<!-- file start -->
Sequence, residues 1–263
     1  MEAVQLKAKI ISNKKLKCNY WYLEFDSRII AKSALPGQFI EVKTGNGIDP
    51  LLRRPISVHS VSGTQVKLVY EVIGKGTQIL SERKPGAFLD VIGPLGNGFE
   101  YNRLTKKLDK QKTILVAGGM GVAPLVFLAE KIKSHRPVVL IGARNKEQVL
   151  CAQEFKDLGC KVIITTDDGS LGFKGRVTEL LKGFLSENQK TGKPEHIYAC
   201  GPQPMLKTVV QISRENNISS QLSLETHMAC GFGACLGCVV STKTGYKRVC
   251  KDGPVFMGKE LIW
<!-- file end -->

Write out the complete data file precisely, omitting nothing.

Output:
Sequence, residues 1–263
     1  MEAVQLKAKI ISNKKLKCNY WYLEFDSRII AKSALPGQFI EVKTGNGIDP
    51  LLRRPISVHS VSGTQVKLVY EVIGKGTQIL SERKPGAFLD VIGPLGNGFE
   101  YNRLTKKLDK QKTILVAGGM GVAPLVFLAE KIKSHRPVVL IGARNKEQVL
   151  CAQEFKDLGC KVIITTDDGS LGFKGRVTEL LKGFLSENQK TGKPEHIYAC
   201  GPQPMLKTVV QISRENNISS QLSLETHMAC GFGACLGCVV STKTGYKRVC
   251  KDGPVFMGKE LIW